Ask Tom Yendell how he learned to eat, use a computer, place phone calls or do anything else with his feet, and he’ll turn the question around. “How did you figure out how to do things with your hands?” he said recently. “You don’t need to be shown how to do it. You just do it naturally.”
Mr. Yendell, 57, is a painter in Hampshire, England. He was born without arms, after his mother was prescribed the drug thalidomide during her pregbioreportscy, which was later found to cause birth defects. Mr. Yendell’s life has been “no different” from that of his able-bodied peers, he has noted on his website, except that he learned to perform everyday tasks with his mouth, chin and feet. That, in turn, seems to have wrought changes in his brain that help illuminate just how flexible young minds are.
“These guys have spent their lives gaining expertise with using their feet,” said Tamar Makin, a neuroscientist at University College London who led a study of Mr. Yendell and another foot-painting artist, published Tuesday in the journal Cell Reports. “If they can change the way the brain is organized, then that would mean that we have the opportunity to change that in others.”
For example, Dr. Makin said, perhaps the brains of people who were born with hands but have difficulty controlling them, such as those with cerebral palsy, could be trained to provide better control.
Dr. Makin and her team performed brain scans on Mr. Yendell and Peter Longstaff, who are both members of the Mouth & Foot Painting Artists collective; Mr. Longstaff was also affected by thalidomide before birth. The researchers also scanned nine typically developed study volunteers of the same age.
The research team analyzed the “sensory body map,” the area of the brain that processes sensations from various parts of the body. Specific regions within the map, which is located on the brain’s wrinkly outer layer, or cortex, are responsible for receiving signals from specific body parts, including the face, trunk, arms and hands. Within the hand regions are clusters of brain cells that light up when the thumb and four fingers are touched. These clusters happen to be arranged in a row, in the same order as the digits they supervise.
In typically developed people, the “foot” part of the map is a solid region, with no distinct representation of the toes. But in the brains of Mr. Yendell and Mr. Longstaff, there were clear toe areas, arranged in order. “We’re talking here about a whole map that doesn’t usually exist in adults,” said Ella Striem-Amit, a neuroscientist at Georgetown University who was not involved in Dr. Makin’s research.
Previous studies have found that the body map is able to adjust for birth defects and specialized training — for instance, by dedicating a larger portion of the map to the left pinky, in people who play violin. So it’s not necessarily surprising that Mr. Yendell and Mr. Longstaff would possess detailed toe maps in their brains, even if such maps have not been seen elsewhere before.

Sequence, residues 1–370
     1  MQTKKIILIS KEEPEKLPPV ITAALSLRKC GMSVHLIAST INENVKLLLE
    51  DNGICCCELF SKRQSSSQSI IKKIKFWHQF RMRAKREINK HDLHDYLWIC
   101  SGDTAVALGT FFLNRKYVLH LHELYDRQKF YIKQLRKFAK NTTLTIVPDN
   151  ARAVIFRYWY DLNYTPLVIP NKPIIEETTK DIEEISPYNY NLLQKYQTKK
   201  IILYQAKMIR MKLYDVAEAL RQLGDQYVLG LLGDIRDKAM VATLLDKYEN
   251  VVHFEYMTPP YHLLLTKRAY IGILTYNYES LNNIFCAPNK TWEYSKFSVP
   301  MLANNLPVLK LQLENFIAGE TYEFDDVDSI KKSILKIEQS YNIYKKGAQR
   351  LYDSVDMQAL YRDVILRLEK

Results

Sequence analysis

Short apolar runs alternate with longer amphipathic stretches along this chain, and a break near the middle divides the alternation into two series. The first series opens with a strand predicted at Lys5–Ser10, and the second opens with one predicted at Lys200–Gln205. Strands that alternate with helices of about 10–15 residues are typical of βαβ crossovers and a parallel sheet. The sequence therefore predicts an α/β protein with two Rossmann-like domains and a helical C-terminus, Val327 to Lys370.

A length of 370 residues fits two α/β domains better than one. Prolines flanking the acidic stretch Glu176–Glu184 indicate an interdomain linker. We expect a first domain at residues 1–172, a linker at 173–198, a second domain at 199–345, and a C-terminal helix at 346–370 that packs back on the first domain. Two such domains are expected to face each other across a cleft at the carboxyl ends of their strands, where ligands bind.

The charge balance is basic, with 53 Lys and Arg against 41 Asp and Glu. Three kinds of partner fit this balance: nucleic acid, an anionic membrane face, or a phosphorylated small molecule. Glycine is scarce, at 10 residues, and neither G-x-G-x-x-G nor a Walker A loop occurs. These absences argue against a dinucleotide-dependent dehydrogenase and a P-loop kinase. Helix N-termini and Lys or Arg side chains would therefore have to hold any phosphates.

The idea of developing new body maps to help injured adults, such as stroke victims, regain the use of limbs is a far possibility, but that could be one ultimate outcome of research on individuals like Mr. Yendell and Mr. Longstaff. One major barrier, however, is that such dramatic body-map changes only seem possible when they begin at a very early age, or even before birth.
“You and I could not develop that later in life because our cortex is an adult cortex,” said Cathrin Buetefisch, a neurologist at Emory University who was not involved in Dr. Makin’s research. “It’s a different cortex at the time they develop these maps.”
Mr. Yendell and Mr. Longstaff began using their feet as hands when they were quite young, when their brains’ body maps were still developing.
“I’ve always painted, from a very early age,” Mr. Yendell said. He has an older sister whom he called “very arty as well,” and they painted together as kids.
Mr. Longstaff said that, when he was little, his mother encouraged him to pick things up with his feet and taught him to write by putting crayons in his toes. He started school, at age five, already able to scribble his name with his right foot.
Mr. Longstaff’s and Mr. Yendell’s practice and ability with their feet have served them well. As a young adult, Mr. Yendell learned to drive a modified car, and he traveled through Europe with it. Before Mr. Longstaff began training with the Mouth & Foot Painting Artists, he achieved his dream of running a pig farm, which he did for two decades.
“I love being outside,” he said. “I drove tractors. I lifted straw bales. I did everything most people can do. I just like being my own boss.” Now, at 58, he feels he’s too old for that work — art, then, is a good second career.
Earlier reporting on the plasticity of the brain